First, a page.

With a demand for more jobs that require a blend of majors, the integrative studies program was started in 2015 to help students achieve two majors at once — the only catch is the focus areas have to already be offered at SIUE. 

“Integrative studies is one of our new programs that exists on both the undergraduate and graduate level,” Director of integrative studies, Zenia Agustin said. “It allows a student to mesh two focus areas. So basically, if you are a student who has interest in two different fields and you want to be able to get the background that integrates the two studies, then integrative studies is the way to go.”

This year, graduate student Megan Arnett, of Roxana, will be completing the program, making her the first one to get her Masters of Integrative Studies.

Agustin knows Arnett personally, and is the person to know if a student is wanting to choose this route. 

“She is actually a double major,” Agustin said. “She is pursuing a graduate degree in sociology and also in integrative studies in sustainability. I guess she first started in sociology and she was getting close to the end of the degree when she learned about sustainability, then she took an interest in sustainability, and the interesting thing with integrative studies is that she has the environmental studies part, which talks about the different laws and policies.”

Agustin said with sustainability, someone could work with institutions to develop a “Go Green” initiative, among other career options. However, to understand what someone does with an integrative studies degree, there should be an understanding of what the program is beforehand.

According to Agustin, the program is very flexible. She looks at the academic background of the student, what the interest of the student is, and what the goal is. Then she works with each of the programs to map out a viable curriculum.

“My role is to meet with students and basically to recruit students interested in integrative studies,” Agustin said. “Once I have students who are interested, I have to help them develop their plan of study. You can build your own program, so I facilitate the process.”

According to Director of Graduate Education Tessa Keys, the program is offered for undergraduates and graduates. For graduates, they can either get a master’s degree, or choose to get a baccalaureate certificate. The certificate route was only approved in the fiscal year 16-17.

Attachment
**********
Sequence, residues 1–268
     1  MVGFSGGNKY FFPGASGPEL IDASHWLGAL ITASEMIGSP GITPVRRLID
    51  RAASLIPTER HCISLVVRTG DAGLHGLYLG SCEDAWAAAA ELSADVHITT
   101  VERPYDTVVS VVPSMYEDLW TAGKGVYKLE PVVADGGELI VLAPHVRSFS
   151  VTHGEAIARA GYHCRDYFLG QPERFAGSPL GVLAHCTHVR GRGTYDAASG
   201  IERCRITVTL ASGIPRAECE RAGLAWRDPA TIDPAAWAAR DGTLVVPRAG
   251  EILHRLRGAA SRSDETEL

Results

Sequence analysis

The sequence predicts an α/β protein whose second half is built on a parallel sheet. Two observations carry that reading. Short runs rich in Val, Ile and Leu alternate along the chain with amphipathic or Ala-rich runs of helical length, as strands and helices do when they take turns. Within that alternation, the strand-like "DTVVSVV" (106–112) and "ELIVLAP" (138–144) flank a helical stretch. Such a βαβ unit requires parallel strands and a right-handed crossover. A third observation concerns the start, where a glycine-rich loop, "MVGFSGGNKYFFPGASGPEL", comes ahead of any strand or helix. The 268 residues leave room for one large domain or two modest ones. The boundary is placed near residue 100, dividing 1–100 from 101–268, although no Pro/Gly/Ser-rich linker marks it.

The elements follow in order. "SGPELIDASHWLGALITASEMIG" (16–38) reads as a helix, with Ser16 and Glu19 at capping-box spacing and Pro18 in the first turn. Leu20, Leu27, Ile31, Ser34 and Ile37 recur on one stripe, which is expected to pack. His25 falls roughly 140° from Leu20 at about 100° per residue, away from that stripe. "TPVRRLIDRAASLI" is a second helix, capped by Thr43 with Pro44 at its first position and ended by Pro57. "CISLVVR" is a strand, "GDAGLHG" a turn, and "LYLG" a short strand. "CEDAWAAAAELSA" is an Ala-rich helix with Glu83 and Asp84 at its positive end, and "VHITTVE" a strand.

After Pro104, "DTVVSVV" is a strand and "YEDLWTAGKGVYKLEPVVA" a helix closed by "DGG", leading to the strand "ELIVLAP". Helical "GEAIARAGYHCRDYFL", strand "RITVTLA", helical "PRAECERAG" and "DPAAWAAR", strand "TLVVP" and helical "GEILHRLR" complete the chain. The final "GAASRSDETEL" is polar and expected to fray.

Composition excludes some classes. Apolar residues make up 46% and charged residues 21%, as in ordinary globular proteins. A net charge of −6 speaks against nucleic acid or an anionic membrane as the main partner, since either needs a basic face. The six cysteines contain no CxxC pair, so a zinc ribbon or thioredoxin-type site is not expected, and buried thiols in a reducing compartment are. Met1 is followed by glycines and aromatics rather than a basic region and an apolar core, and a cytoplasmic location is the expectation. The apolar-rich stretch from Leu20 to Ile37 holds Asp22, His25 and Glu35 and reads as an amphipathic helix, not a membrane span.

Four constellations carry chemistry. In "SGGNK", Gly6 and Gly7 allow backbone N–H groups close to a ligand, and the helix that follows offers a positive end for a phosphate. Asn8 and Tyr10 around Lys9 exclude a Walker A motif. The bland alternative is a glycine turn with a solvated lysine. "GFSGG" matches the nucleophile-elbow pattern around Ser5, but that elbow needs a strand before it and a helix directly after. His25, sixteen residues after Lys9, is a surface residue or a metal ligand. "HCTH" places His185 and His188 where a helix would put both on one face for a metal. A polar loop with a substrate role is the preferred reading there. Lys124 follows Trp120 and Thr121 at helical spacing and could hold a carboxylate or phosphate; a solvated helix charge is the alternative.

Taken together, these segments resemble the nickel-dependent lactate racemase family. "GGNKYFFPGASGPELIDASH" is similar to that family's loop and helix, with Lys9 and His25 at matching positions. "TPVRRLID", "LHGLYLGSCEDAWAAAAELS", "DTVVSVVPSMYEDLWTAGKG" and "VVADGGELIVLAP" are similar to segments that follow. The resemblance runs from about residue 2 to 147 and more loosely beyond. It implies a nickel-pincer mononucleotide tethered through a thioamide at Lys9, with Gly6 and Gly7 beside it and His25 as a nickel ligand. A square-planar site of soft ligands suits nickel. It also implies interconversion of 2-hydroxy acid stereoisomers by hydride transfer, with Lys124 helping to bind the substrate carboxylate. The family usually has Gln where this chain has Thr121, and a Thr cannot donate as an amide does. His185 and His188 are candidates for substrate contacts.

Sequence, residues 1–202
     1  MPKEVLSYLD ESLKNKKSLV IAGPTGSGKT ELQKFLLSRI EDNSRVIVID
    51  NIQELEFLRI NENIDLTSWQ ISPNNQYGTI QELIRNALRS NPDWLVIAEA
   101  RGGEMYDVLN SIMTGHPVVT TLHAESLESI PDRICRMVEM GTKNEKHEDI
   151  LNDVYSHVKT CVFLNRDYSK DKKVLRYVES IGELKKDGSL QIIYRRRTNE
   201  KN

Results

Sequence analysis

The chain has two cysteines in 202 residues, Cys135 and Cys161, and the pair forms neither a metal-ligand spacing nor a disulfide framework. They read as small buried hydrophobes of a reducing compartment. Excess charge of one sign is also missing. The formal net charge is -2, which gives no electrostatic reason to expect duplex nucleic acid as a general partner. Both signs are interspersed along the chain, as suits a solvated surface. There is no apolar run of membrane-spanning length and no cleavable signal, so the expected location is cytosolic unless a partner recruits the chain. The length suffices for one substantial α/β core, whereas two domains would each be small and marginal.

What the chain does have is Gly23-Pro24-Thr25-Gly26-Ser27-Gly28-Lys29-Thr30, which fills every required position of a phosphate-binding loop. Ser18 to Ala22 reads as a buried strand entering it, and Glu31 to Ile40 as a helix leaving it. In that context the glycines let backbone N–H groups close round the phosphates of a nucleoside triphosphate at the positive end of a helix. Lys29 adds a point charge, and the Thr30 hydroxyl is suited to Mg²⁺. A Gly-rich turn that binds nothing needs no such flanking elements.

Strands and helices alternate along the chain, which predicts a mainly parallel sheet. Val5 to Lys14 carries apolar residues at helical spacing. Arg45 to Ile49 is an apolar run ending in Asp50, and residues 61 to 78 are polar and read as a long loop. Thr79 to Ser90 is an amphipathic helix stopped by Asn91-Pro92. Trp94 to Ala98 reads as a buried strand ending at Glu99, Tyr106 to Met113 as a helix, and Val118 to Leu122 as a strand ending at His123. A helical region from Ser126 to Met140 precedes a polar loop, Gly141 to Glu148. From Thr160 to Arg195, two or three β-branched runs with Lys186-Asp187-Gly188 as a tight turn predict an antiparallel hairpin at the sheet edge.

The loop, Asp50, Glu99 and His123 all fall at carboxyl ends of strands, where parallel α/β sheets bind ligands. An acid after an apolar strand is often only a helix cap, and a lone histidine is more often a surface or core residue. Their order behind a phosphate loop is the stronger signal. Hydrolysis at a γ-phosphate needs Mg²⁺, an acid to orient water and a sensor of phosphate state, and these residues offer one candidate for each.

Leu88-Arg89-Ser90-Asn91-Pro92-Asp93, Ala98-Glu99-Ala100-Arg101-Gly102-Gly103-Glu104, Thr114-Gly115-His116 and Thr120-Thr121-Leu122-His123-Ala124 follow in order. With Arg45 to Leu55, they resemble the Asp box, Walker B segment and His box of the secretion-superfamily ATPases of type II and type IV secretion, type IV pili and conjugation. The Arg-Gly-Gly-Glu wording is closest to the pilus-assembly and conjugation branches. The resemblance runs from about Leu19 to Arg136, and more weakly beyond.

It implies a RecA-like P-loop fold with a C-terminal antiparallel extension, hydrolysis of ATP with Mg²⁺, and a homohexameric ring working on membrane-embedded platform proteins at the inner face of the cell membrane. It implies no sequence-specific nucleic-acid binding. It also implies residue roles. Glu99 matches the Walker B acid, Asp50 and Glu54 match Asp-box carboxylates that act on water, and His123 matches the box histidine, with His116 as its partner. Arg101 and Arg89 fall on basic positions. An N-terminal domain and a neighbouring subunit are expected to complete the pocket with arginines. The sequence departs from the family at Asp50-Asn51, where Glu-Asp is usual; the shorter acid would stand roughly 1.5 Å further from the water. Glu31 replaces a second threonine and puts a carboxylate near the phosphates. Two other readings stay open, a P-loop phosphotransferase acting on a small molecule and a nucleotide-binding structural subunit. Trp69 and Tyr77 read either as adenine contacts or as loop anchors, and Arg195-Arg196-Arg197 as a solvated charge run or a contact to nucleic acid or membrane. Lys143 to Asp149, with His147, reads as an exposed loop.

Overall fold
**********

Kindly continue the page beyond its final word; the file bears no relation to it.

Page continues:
“One of the nice things about the [post-baccalaureate] certificate is that students can choose to select courses within two different departments that work together to create their own personal goal,” Keys said. “That goal can be professional, academic or a stepping stone into another degree, but it allows [students] to choose from the courses that we offer and we can  design something truly unique to them.”

Keys said it give students an opportunity to stick their toe in the water. If a student doesn’t necessarily want to commit to graduate school, they can complete the 18 credit hour option of a post-bachelor’s degree, rather than complete the master’s, which requires 37 hours, according to Keys.

“There are just so many diverse jobs out there now, and there are great opportunities out there now, especially within technologies and diversity playing a big role, and so much of that may pull from just two different areas,” Keys said. “[We want to] make sure that a student gets the education that most suits their needs.”

Keys said she wants students to know about the program, and that they would have to work within existing programs, but by earning the degree they are able to focus in on a particular topic.

“Most of the time you go to graduate school to focus in and narrow in on your profession,” Keys said. “Integrative studies opens up a lot of possibilities, but you can still try to focus in on what you are trying to achieve.” 

As of April 10, Agustin said there are 41 undergraduate and 10 graduate students in the program.

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